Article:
Abstract: To address the severe problem of information fragmentation in the construction industry, significant effort has gone into developing information interoperability techniques based on shared project data models. As a result, a wide range of software applications are able to exchange project information, resulting in significant efficiency and coordination improvements. Here, we extend this trend further, exploring the role of an information integrator system that allows users to work directly with the combined set of project information. An information integrator would work in conjunction with traditional applications, allowing users to create user-defined, multi-dimensional data views from the combined project data model, tailored to suit the needs of specific work tasks. In this way, users can maximize the benefit of the combined data model and enhance their ability to deal with the data interdependencies. This paper presents a technical framework for an information integrator for construction project management. It describes the requirements and technical solutions to achieve the necessary integration and flexibility at three layers of system architecture: the data layer, the application logic layer, and the presentation layer. Finally, it describes a prototype information integrator system called the Unified Construction Project Management Arena.

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Series: w78:2009 (browse)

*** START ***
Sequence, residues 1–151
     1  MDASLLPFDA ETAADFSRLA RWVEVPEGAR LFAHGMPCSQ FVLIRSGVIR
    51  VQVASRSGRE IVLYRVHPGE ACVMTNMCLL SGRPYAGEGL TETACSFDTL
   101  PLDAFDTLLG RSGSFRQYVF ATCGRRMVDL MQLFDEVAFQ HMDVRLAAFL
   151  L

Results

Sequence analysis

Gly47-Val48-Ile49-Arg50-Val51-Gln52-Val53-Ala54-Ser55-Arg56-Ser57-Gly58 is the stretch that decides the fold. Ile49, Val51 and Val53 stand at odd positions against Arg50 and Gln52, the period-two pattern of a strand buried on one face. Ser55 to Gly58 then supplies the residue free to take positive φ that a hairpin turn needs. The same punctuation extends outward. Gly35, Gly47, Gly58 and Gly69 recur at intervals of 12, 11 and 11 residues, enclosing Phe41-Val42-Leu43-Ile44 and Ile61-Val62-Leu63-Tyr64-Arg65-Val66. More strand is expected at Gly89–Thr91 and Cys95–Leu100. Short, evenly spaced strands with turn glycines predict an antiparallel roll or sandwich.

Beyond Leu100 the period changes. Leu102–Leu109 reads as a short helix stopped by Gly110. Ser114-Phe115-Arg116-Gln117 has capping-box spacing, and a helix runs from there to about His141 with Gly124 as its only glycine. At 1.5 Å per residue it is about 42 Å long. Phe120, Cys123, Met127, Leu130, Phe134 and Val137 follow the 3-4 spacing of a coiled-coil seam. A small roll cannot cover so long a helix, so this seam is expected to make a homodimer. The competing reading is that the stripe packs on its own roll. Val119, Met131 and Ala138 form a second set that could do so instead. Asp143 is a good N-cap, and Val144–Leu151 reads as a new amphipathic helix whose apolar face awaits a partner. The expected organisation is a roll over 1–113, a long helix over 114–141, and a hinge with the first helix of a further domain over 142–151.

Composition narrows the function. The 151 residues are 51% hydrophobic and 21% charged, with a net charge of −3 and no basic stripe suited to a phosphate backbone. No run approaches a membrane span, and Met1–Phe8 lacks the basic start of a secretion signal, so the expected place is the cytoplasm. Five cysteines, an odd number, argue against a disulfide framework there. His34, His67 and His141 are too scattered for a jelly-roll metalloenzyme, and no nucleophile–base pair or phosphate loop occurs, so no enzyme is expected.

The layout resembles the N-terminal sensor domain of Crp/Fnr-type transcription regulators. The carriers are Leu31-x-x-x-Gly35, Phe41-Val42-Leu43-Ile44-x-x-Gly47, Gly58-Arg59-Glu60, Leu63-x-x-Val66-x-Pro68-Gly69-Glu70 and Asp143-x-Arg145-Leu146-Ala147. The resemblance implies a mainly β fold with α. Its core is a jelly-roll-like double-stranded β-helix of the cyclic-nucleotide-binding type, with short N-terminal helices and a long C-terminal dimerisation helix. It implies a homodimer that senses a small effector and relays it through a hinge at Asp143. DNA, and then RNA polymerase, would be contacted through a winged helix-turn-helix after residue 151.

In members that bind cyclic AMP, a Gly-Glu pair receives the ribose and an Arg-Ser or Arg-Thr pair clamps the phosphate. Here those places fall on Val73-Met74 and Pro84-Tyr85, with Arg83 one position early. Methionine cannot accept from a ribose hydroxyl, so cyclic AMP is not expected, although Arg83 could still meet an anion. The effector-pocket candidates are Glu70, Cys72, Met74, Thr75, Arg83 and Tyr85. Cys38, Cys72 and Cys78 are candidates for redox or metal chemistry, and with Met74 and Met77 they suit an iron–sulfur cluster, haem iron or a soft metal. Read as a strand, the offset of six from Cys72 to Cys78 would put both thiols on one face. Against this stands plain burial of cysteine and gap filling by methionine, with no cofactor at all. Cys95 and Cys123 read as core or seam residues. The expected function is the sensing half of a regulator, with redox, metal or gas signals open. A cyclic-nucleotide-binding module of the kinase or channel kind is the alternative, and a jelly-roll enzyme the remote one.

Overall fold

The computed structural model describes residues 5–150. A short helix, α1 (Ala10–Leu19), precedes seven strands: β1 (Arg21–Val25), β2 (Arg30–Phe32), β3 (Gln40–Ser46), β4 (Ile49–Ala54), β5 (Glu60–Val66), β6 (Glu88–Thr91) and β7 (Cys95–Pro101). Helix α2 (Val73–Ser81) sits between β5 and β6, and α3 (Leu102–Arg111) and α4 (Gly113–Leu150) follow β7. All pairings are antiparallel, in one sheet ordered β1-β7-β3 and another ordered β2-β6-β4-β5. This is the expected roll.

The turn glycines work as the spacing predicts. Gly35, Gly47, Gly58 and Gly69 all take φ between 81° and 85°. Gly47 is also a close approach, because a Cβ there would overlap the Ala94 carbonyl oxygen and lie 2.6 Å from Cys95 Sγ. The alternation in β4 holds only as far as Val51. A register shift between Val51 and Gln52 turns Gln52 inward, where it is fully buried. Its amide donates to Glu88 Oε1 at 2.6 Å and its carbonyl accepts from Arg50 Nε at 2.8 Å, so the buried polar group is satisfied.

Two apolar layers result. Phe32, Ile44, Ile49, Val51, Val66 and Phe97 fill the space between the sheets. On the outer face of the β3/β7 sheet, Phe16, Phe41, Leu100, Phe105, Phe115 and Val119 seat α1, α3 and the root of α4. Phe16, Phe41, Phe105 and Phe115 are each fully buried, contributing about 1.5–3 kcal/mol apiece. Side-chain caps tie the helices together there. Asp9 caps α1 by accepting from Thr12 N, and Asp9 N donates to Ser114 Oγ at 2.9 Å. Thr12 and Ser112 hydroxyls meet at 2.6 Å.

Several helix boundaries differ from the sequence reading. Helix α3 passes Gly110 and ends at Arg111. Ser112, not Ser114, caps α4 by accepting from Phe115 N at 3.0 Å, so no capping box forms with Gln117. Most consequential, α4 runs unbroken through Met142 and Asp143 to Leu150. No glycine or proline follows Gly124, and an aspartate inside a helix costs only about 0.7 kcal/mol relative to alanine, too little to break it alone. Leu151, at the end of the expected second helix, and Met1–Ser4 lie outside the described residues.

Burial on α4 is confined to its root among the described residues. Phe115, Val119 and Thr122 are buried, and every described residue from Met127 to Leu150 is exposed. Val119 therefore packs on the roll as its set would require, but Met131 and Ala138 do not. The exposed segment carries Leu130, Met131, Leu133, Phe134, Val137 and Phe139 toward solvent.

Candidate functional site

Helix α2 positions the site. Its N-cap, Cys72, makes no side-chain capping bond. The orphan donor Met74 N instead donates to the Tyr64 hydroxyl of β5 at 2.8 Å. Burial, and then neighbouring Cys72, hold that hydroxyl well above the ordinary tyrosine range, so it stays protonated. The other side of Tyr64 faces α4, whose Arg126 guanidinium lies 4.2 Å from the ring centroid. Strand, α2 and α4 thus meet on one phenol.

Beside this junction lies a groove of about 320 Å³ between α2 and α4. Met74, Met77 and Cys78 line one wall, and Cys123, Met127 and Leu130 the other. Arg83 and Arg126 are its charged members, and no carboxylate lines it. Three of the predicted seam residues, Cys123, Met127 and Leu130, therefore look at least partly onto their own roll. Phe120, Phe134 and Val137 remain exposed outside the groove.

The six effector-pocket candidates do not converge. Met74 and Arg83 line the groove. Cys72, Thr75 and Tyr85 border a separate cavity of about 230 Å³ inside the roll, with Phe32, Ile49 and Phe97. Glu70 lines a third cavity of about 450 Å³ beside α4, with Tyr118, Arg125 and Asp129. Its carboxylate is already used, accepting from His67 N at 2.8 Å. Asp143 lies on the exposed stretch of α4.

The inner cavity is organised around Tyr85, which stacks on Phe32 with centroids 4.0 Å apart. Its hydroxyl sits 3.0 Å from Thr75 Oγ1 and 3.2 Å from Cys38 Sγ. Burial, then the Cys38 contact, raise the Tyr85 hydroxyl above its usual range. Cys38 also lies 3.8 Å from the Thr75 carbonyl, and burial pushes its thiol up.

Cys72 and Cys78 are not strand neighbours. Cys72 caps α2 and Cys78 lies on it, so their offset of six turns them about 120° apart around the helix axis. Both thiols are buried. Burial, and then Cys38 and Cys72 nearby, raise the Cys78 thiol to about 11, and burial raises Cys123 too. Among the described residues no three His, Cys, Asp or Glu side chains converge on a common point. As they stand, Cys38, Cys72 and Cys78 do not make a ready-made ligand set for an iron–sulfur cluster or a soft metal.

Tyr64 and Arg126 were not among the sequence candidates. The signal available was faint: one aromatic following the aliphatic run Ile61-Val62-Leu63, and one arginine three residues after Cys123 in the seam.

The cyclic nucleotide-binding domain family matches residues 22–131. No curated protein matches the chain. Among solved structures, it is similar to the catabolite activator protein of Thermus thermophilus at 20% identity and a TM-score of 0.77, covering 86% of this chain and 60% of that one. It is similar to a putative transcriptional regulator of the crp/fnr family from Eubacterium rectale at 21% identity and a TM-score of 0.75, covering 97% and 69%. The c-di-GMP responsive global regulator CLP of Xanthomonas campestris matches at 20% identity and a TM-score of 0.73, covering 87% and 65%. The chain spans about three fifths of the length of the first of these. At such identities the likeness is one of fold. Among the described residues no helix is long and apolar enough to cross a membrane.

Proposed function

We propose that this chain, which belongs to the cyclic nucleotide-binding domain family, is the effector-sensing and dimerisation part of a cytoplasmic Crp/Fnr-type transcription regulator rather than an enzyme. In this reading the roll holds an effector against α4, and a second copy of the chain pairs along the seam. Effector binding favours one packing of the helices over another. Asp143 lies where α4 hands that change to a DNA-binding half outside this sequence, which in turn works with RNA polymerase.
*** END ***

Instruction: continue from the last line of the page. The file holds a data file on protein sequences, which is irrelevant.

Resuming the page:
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Diederiks H J, Van Staveren R J

Dynamic information system for modeling processes

Abstract: DINAMO is a dynamic Information System for Modeling of Design Processes. It is intended for use along with product models, data management systems and existing applications. In DINAMO a programming user can define processes. These processes are represented by graphs. The graphs are characterized by nodes and relations between nodes. Each node in a graph represents a task, and each relation can be restricted to conditions. So the way in which a process is actually been performed, that is the actual path to be evaluated through the graph, can depend on certain conditions. Processes and functions (= software modules) are available to the user as tasks. A consuming user can activate tasks; the DINAMO system regulates the dispatch of the tasks, conform the process and function definitions. Tasks are collected on sheets; sheets are collected in a task box. A task box can be regarded as a certain environment, determined by the programming user. A consuming user can choose between the environments which are available at that moment. With the DINAMO system software and process definitions can be re-used in a simple way.